This book is aimed at undergraduate biologists and geologists studying courses on evolution and is intended to bridge the "epistemological gap". That is to say - the gulf in perspective between biologists and palaeontologists when addressing questions concerning the process of evolution.
Fossils and Evolution is divided into two parts titled "Principles" and "Practices". The former is a clearly written and understandable outline of the nature of the fossil record and its limitations, as well as the methods that are used to analyse fossil taxa and their relationships in combination with the geological record and feed this information into a wider understanding of evolution as a process. The latter then attempts to weave the principles coherently into the evidence that is currently available from the fossil record; this narrative is constantly checked and balanced by the modern biological perspective on many of these issues.
Though generally interesting in its content, my perception is that this is a curate's egg of a book. The principles section is well explained and useful as an introduction, though its tone is unmistakably patronising, but the further reading sections are a useful adjunct to the undergraduate. The practices section also has a variety of quite wide-ranging examples, but the degree to which the topics are covered varies considerably and is in some instances quite poor. The book is one that can be dipped into quite profitably and should be in departmental libraries but it should not, in my opinion, be read in isolation.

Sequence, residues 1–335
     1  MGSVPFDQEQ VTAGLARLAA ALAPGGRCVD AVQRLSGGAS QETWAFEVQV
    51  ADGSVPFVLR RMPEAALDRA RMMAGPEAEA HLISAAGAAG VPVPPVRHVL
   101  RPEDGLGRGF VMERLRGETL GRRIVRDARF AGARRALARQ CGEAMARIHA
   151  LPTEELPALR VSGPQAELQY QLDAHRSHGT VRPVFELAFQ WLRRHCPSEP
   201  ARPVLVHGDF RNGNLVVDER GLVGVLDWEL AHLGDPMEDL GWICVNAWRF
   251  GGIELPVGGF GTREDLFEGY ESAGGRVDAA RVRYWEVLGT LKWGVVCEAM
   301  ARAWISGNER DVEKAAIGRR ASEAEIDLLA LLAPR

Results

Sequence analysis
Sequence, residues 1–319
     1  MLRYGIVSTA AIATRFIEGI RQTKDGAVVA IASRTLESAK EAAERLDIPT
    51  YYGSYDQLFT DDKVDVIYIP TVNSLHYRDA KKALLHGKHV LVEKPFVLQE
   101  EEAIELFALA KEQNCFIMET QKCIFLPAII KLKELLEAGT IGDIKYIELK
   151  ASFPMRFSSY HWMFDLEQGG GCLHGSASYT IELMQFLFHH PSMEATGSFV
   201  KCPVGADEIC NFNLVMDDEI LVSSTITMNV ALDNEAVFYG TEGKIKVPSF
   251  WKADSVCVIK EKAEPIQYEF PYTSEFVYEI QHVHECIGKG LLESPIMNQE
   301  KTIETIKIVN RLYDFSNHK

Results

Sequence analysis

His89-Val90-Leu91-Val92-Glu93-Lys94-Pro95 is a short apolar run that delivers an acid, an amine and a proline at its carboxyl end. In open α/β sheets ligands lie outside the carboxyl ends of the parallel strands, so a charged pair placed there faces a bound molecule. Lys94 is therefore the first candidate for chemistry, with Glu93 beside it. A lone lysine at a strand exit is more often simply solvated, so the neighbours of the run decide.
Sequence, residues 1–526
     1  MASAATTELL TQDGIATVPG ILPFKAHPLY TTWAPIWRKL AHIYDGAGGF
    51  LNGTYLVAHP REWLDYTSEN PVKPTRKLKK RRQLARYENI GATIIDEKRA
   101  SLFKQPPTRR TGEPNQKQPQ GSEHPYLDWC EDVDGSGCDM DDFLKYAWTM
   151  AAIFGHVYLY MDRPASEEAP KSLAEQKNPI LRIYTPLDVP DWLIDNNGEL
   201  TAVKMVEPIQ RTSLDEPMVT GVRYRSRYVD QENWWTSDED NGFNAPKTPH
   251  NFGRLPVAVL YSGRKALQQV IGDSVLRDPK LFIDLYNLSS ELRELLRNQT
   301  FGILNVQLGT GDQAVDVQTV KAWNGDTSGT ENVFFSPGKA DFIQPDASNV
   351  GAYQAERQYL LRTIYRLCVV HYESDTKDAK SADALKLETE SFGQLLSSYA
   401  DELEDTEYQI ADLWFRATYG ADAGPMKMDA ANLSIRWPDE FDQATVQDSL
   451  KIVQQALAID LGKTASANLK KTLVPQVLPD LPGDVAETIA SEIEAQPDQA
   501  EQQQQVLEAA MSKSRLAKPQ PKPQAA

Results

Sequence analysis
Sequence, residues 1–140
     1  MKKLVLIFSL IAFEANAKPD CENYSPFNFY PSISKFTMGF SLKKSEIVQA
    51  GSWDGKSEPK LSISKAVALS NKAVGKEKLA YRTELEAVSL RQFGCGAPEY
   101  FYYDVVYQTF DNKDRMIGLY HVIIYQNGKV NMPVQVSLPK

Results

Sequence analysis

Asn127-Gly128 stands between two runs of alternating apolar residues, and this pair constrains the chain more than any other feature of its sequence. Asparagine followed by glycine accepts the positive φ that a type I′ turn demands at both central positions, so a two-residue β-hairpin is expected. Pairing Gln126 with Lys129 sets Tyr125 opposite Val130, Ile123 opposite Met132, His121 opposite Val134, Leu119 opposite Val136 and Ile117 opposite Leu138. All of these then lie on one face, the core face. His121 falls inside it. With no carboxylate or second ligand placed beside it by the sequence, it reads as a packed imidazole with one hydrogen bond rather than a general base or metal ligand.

David Norman is director, Sedgwick Museum, Cambridge.
Fossils and Evolution. First Edition
Author - T. S. Kemp
ISBN - 0 19 850 345 8 and 424 1
Publisher - Oxford University Press
Price - £47.50 and £14.99
Pages - 284